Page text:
This time, he wrote: “If I were to measure the height of a house, I would climb up onto the roof and drop the barometer from there. I would time the process to see how long it takes for the barometer to reach the ground. From this, I could calculate the height of the house.”

Once again, the teacher gave him zero. This time, the student suggested: “I would climb up  the stairs in the house and on the way up, I would take measurements against the wall. On reaching the top, I would multiply the number of times I used the barometer by its length and then I could work out how tall the house is.”  The student was told off again.

“Maybe the teacher is expecting a more mathematical answer,” he thought. His next ideas was this. “I would place the barometer next to the house and measure its shadow. Then, I would measure the height of the barometer and the house’s shadow in order to work out the height of the house.” The teacher didn’t like this answer either!

By now the student was so fed up that he wrote: “I would go to the house, knock on the door and say to the occupant, ‘If you don’t tell me how tall your house is, I’ll beat you to death with my barometer!’”

According to an email circulating around the Internet, the student in question was Nils Bohr, a Danish Nobel Prize winner.  As another Nobel prize winner, Linus Pauling, once said, “The best way to get a good ideas is to have lots of ideas.” And, of course, it is just this ability to look for several answers to a question that many Nobel prize winners have in common. (104-105)

Think again

Entice out more ideas. When you think that you have thought of enough ideas, then sit back down and come up with ten more. (112)

“It’s ironic that companies pay CEO’s millions upon millions to unlock shareholder wealth, but seem incapable of funneling six and seven figure rewards to people who can actually create new wealth.” – Gary Hamel

“So many of today’s management actions such as reengineering and restructuring are based on a deductive kind of thinking. They aim to improve what is. At best, they help a company catch up, but not get on top. They do not lead an organization to develop new hypotheses and create new knowledge. Simply cutting costs and improving business processes no longer is enough.” – Dr. Ikujiro Nonaka

“Everything that can be invented has already been invented.” – Charles H. Duell, 1899

Write down ten truths about your branch — i.e. things that you are sure will never change — and then see if you can come up with an idea that tears a hole in your truth. (121)

“Heavier-than-air flying machines are impossible.” – Lord Kelvin, Chairman of the British Academy of Science, 1895

“Don’t worry about people stealing an idea. If it’s original, you will have to ram it down their throats.” – Howard Aiken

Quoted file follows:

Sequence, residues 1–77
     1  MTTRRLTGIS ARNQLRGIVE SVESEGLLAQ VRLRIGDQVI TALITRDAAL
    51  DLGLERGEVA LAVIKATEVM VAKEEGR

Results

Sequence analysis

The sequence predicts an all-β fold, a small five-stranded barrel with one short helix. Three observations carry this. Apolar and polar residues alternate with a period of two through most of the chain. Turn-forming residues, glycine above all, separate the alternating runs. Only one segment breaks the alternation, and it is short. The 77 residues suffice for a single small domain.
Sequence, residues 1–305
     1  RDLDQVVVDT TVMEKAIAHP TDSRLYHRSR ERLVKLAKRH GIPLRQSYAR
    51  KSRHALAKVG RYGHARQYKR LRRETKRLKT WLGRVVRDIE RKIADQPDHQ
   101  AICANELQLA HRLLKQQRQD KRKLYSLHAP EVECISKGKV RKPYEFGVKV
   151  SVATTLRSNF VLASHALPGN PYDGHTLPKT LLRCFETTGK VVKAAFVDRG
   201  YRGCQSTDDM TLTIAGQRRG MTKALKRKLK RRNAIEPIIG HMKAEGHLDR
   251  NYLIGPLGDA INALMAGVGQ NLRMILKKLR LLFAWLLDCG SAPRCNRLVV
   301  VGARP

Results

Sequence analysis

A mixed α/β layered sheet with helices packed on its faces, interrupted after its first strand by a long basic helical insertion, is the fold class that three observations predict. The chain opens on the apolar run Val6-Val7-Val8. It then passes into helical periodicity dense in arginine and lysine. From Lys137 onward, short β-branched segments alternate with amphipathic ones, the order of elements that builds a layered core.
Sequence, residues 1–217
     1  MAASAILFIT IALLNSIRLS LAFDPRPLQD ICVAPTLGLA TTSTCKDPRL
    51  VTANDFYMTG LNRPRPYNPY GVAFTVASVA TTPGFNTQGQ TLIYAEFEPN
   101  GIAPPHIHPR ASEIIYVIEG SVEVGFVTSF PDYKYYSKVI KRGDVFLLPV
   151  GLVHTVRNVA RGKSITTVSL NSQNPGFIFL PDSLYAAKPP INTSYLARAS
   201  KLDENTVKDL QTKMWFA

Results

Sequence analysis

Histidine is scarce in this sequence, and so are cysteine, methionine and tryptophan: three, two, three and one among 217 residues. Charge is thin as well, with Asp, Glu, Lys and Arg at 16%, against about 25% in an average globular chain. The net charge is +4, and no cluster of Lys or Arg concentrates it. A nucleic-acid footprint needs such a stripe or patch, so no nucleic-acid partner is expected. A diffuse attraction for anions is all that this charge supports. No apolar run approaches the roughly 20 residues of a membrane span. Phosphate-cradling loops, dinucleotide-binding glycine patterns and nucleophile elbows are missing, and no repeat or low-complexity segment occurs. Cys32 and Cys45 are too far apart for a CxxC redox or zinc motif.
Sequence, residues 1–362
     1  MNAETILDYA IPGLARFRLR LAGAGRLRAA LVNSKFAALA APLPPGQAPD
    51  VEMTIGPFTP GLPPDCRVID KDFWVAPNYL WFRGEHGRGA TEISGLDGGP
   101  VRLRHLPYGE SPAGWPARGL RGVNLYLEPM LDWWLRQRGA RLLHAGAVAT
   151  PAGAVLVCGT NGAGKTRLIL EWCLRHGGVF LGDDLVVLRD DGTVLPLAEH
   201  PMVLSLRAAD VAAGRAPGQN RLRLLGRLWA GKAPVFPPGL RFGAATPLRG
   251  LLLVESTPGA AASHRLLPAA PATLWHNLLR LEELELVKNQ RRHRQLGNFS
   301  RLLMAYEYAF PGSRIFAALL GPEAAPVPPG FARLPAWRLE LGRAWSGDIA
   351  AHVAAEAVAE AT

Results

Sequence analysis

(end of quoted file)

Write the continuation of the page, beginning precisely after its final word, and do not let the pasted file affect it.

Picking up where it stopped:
See if you can manage to listen to 50 ideas without saying anything negative about them. (126)

“One of the stepping stones to a great world-class operation is to tap into the creative and intellectual power of each and every employee.” – Harold A. Poling

“Nothing is done. Everything in the world remains to be done or done over. The greatest picture is not yet painted, the greatest play isn’t written, the greatest poem is unsung. There isn’t in all the world a perfect railroad, nor a good government, nor a sound law. Physics, mathematics, and especially the most advanced and exact of the sciences, are being fundamentally revised. Chemistry is just becoming a science; psychology, economics, and sociology are awaiting a Darwin, whose work in turn is awaiting an Einstein. If the rah-rah boys in our colleges could be told this, they might not all be specialists in football, parties, and unearned degrees. They are not told it, however; they are told to learn what is known. This is nothing.” – Lincoln Steffens, 1931

“Nothing is done. Everything in the world remains to be done or done over. The greatest painting has yet to be painted, the most moving play yet to be written, the most beautiful poem yet to be recited. Nowhere in the world does there exist the perfect railway, or a good government or a sensible law. Physics, mathematics and, in particular, the most advanced and exact sciences are going through fundamental reviews. Chemistry has become a science; psychology, economics and sociology are waiting for a Darwin, whose work in its turn is awaiting an Einstein. And if the arrogant, naive youths at our university could understand this, then maybe they would not all become specialists in football, drinking sprees and undeserved grades/university degrees. They should not be taught what is already known; they should not be encouraged to learn things that are already known–they are worthless.” – Lincoln Steffens, 1931 (Härén’s translation)